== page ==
socastcmsRssStartBy Cole Lauterbach | Illinois News NetworksocastcmsRssEnd
A business owner who sued an Illinois county claiming officials singled him and other local business owners out for tax hikes plans to continue the legal fight despite another setback.
A panel of federal appellate judges in Chicago <a href="http://media.ca7.uscourts.gov/cgi-bin/rssExec.pl?Submit=Display&Path=Y2018/D10-11/C:17-3615:J:Flaum:aut:T:fnOp:N:2232520:S:0">denied</a> Mattoon business owner Robb Perry and the owners of about 500 other commercial properties of the chance to go after Coles County officials for hiking property taxes up to 400 percent in a single year. This happened in 2015, the same year many other areas of the county saw decreases.
Perry’s said he’s disappointed in the loss, but maintained that the county broke the Equal Protection Clause of the U.S. Constitution.
“It’s not like we’re making it up,” he said. “It’s a true 14th Amendment violation.”
The opinion said Perry and the others should appeal the assessments using the local appeal process. In the decision, the judges wrote that every taxpayer in the state would be suing for relief from taxes if Perry’s suit were to succeed.
“The comity doctrine bars taxpayers from asserting…claims against ‘the validity of state tax systems’ via federal lawsuits,” the opinion said. “…as Coles County points out, it would obliterate the comity doctrine if taxpayers could avoid the doctrine’s effect simply by alleging a claim for injunctive relief.”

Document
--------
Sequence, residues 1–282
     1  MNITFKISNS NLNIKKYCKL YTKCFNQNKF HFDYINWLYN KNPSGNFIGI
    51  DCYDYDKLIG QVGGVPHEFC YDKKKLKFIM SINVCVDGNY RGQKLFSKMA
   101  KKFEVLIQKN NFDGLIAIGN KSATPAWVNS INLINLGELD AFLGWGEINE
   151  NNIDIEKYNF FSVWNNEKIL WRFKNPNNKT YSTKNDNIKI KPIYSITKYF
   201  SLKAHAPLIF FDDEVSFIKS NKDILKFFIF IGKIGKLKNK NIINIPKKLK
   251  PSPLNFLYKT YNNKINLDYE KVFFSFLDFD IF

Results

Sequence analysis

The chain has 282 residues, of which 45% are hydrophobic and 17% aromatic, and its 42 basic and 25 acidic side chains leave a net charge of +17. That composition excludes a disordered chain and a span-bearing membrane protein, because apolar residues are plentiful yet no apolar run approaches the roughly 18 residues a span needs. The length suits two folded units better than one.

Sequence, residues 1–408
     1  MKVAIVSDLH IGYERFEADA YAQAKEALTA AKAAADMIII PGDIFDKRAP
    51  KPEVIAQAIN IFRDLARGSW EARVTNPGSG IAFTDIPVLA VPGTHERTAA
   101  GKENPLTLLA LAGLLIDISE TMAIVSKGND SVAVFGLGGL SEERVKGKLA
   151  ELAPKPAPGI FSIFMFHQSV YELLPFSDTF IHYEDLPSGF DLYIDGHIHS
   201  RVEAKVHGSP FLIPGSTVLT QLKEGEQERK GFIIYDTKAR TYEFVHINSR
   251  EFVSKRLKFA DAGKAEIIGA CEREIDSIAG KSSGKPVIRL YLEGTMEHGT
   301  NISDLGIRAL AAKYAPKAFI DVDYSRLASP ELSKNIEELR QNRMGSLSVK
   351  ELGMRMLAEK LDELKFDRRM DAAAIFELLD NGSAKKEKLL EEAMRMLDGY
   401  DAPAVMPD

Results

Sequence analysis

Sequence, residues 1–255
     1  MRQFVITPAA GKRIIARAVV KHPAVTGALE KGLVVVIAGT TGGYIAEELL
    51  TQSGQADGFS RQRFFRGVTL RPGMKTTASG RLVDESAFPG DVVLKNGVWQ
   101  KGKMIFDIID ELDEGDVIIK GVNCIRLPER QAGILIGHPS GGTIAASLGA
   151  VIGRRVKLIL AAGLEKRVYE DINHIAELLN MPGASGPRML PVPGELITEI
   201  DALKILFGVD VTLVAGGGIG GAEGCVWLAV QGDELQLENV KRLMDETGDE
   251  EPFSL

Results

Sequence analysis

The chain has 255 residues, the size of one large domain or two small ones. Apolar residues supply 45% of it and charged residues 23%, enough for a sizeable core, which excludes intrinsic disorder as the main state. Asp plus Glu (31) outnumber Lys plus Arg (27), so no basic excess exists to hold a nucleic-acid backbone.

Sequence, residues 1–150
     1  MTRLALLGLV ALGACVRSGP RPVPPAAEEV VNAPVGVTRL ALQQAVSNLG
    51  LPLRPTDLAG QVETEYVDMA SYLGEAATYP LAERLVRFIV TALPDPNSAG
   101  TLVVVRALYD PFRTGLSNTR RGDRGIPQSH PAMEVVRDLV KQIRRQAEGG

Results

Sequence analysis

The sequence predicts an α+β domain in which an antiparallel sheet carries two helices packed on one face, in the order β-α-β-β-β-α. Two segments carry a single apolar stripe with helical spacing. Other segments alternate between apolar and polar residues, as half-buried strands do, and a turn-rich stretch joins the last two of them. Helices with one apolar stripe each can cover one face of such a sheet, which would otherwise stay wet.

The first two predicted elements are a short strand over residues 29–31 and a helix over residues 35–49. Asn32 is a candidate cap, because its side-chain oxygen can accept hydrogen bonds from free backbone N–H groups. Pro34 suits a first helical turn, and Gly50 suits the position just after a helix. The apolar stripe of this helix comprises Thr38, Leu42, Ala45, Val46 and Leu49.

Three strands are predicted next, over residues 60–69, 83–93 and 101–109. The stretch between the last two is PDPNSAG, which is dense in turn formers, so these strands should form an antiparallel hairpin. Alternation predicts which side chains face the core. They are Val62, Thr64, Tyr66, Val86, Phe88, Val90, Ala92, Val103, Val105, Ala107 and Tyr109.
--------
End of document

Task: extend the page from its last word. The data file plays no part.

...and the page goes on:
Perry said the area is close enough to the Indiana border, where property taxes are so much lower that they couldn’t sell their business lots off if they wanted to.
“You’ve got the taxes up so high that you can’t afford to live there and you can’t sell it because nobody’s willing to pay those taxes,” he said. “You’re in a box and can’t get out.”
The business owners plan to appeal the case to the Supreme Court.
Perry has also filed a state-level lawsuit with the county for outsourcing the assessment duties to a private contractor.